Just then, there was a tap on the door, and I saw Lola through the thin glass panel.

“You’ll have to excuse me for a moment,” I said, leaving the room.

Lola and I moved to the end of the corridor.

“The police told me they believe she is the perpetrator of domestic violence, and her partner is the victim.”

“Her partner?” I echoed.

“He was found with scratches on his face and bruising all over his body. The woman and children had no injuries.”

“Thank you, Lola,” I said. “You’d better wrap it up and tell the claimant we’re not going to provide any temporary accommodation.”

I returned to the interview room, where Martin sat with his head resting between his folded arms, on the table.

As I sat down, he slowly raised his head.

“Martin.” I spoke more empathically. “What do you want to tell me?”

“It’s quite embarrassing, actually, and you’ll never believe me.”

“Go on. I’m listening,” I said.

“It’s about my partner, Jenny Appleton.” He lifted his eyes to the ceiling and swallowed hard. “She hits me.”

His shoulders started to heave as the tears came. “I’m sorry. I’m sorry,” he said, frantically trying to stem the flow with his knuckles.

“You don’t have to apologise, Martin. It’s not your fault.”

I didn’t feel good about seeing Martin like this, and the animosity I felt towards him melted away.

“I’ll get you some tissues and a glass of water. Then I’ll see what support we can offer you,” I said, leaving the room again.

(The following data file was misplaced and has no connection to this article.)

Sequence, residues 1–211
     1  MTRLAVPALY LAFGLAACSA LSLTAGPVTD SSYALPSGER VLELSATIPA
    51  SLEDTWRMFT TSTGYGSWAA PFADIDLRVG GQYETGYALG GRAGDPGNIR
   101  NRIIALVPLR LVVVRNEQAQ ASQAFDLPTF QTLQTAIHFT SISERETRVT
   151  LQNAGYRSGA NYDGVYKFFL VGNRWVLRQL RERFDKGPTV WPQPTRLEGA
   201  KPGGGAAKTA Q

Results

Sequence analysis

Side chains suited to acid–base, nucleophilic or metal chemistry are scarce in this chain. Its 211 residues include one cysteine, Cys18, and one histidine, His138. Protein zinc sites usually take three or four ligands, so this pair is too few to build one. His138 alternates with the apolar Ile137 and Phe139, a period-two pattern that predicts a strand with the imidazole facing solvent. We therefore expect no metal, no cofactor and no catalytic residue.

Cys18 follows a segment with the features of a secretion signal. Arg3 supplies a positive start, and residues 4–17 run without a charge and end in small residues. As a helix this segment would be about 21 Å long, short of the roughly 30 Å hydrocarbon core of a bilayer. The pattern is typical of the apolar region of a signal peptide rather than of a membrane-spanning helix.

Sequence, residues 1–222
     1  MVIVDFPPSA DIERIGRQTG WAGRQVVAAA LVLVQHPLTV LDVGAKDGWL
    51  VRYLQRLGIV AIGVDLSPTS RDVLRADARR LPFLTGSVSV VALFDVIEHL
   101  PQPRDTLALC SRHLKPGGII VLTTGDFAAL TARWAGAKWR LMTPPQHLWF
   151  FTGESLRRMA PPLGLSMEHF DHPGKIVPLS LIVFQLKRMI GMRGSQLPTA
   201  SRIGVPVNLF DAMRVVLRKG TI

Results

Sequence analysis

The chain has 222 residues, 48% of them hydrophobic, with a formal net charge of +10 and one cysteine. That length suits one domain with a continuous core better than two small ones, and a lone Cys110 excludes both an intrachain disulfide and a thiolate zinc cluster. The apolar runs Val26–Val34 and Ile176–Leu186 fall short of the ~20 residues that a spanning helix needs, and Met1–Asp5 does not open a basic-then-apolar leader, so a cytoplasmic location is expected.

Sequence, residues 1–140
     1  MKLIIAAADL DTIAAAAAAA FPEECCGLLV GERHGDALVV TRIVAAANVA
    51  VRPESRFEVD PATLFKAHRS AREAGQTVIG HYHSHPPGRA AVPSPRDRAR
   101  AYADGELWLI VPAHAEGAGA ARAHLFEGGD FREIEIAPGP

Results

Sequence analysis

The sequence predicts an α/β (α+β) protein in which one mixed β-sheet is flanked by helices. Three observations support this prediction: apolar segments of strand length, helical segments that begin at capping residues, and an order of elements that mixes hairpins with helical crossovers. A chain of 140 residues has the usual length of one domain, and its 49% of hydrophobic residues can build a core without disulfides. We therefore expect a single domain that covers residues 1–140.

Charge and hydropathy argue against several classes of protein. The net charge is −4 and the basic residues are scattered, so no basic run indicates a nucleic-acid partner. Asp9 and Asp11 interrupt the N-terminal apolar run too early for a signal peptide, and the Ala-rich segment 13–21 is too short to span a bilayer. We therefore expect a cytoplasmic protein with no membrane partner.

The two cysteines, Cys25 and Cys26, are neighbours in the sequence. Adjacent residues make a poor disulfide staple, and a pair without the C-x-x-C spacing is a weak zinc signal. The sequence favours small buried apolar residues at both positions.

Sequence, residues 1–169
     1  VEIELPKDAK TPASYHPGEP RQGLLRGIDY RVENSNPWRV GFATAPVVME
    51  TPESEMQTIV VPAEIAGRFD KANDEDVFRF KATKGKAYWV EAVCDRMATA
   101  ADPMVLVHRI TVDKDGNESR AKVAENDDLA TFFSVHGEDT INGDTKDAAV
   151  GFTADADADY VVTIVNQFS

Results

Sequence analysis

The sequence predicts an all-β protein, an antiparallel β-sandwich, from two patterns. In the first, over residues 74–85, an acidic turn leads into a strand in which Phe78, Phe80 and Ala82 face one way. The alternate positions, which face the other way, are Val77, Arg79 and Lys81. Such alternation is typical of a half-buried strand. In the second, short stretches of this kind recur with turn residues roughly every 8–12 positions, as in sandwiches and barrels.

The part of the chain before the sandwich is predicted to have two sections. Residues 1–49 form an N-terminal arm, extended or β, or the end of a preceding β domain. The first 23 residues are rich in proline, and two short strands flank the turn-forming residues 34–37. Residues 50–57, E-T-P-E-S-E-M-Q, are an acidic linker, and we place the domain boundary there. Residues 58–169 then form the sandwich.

As I walked along the corridor, I saw Lola showing her claimant out. She was a tiny, slender woman with bleached blonde hair and a firm mouth. It seemed incredible she held such control and power over Martin Truegood. I hoped he would eventually find the strength to move on with his life. I now knew I had the strength to move on with mine.

© Norma Armand, 2021

Do check out Norma’s book of short stories, Unearthed, on Amazon. Find it here.



Through beautiful prose in Be More Vixen, Lynda reminds us that finding the strength to believe in yourself and following your dreams is what’s important.

Be More Vixen

From beneath heavy eyelids, I glance at my bedside clock. Three am… sigh. My mind is too busy for sleep. I’m nervous about my first showcase at our local camera club. Am I ready for feedback? Do I really fit in amongst this group of passionate amateur photographers? I get up and pad over to the open window.  Outside, bud-strewn branches poke skyward like festival goers’ arms, with next-door’s fairy lights like lighters being held aloft, as a crowd-pleasing ballad is played. Security lighting from my neighbours’ on the other side suddenly flash-flood the lawn and I see a fox stretch its russet form; head lifted, ears twitching.